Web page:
Date posted: 2/03/2017

5 extracurricular activities to help you stand out and get ahead

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One of the hard truths about the business world is that each year there are more graduates looking for roles than there are positions available. This makes for fierce competition among those looking to get ahead. While grades are a factor, one way to give yourself the competitive edge is by showcasing your extracurricular activities, because they demonstrate the soft skills - or your personality and communication skills.

Here are five extracurricular activities that will look great on your CV and help you get ahead:

1. Learn another language

Workplaces view polyglots (that's a speaker of more than one language) very favourably these days. Many financial services and accounting businesses are expanding their reach into Asia, so if you speak Mandarin, Cantonese, Malay or any language in the region, you'll be putting yourself in high esteem with those firms.

If your school or university doesn't already offer language courses, there are plenty of options to investigate nationwide, whether in Australia or New Zealand. However, prepare to invest a large portion of your time if you're starting from scratch. You'll need at least a year to develop the vocabulary to conduct business conversations, and even longer to become fluent. Need another reason to commit to learning a language from scratch? It demonstrates hard work and dedication, which looks fantastic on a resume.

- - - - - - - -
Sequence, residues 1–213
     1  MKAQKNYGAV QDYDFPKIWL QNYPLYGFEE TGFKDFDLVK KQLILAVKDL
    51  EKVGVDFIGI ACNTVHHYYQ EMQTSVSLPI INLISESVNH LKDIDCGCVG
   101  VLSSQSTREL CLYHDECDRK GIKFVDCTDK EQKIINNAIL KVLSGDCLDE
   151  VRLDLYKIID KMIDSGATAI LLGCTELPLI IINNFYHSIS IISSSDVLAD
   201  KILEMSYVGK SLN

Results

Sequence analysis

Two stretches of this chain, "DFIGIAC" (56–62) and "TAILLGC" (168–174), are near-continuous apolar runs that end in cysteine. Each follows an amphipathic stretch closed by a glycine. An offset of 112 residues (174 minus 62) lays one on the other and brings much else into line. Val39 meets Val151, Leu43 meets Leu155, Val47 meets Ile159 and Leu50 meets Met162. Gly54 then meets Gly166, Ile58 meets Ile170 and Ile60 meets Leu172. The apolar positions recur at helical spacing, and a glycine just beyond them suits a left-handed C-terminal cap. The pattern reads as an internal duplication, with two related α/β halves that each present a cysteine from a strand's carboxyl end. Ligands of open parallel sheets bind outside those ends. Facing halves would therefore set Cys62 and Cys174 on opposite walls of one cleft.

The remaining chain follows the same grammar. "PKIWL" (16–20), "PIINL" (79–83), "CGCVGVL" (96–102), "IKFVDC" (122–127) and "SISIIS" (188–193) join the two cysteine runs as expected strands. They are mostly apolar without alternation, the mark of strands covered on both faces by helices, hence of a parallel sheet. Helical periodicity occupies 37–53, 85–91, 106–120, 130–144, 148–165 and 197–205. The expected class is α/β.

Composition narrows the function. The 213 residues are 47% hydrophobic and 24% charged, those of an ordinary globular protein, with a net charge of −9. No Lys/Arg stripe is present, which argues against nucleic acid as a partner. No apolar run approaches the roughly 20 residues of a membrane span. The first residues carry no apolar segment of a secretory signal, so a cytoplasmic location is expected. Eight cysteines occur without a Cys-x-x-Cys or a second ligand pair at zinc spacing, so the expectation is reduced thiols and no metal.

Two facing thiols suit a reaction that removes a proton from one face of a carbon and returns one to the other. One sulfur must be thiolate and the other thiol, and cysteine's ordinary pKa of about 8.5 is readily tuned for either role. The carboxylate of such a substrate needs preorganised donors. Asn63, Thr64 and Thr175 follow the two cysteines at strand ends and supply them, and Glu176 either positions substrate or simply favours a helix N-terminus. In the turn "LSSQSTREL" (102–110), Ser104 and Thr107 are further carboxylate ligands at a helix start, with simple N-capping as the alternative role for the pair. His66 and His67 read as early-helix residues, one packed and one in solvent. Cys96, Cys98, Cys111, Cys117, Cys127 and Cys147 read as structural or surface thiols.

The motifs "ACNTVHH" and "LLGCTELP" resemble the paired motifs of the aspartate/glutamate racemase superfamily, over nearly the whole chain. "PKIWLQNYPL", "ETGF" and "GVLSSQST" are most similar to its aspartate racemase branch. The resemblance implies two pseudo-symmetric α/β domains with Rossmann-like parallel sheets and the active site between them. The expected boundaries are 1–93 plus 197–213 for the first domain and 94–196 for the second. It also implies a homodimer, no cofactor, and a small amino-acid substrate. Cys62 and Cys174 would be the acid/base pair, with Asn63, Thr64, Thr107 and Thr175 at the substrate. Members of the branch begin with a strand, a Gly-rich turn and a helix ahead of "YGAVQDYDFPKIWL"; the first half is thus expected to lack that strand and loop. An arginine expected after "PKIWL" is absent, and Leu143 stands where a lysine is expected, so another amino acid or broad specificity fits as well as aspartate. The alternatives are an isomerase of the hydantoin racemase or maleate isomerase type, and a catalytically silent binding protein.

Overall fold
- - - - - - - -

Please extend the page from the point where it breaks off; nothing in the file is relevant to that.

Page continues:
2. Volunteer overseas

Employers value volunteering for many reasons, partially because it demonstrates you're willing to give up your time to help others and work towards a common cause, but also because it shows initiative, drive and potential leadership abilities. Consider the following. An employer has two resumes: one doesn't have work experience but has volunteered in Africa for the past six months, while the other has six months' experience working in a call centre but has never left their city. Which would you choose?

International volunteering shows courage because you are willing to get on a plane and help in a culture - and likely a language - different from your own, all while thousands of miles from home.

3. Tutor your peers

Tutoring instantly shows you are very knowledgeable in one or more subjects. Good grades certainly demonstrate you understand the material, but the ability to impart your knowledge to others is a very valuable workplace skill. Tutoring showcases many skills including strong communication, working effectively with others and the organisational prowess to deliver what is expected of you. Further, it shows you are academically driven and eager to learn and share - all of which are positive traits if the business decides to pay for your training.

4. Join student governance

Playing a hand in your school or university council displays several of your attributes. It shows you're confident networking with your peers and that you can handle responsibility. If the student council could trust you to carry out tasks on their behalf, then it follows that an employer could do the same. You'll also show that you've (potentially) developed good problem-solving skills when working in large groups, as well as additional beneficial skills such as negotiation, motivating others and teamwork.

5. Show off your long-term hobby

Have you been debating since school? Or playing the violin since you were in nappies? You should convey that in your resume, even if you don't think it relates to the position. The purpose of this addition is to show that you have long-term dedication to something and that you possess the constitution to see things through.

Demonstrate to potential employers that you're a star with a long list of extracurricular activities. Start today!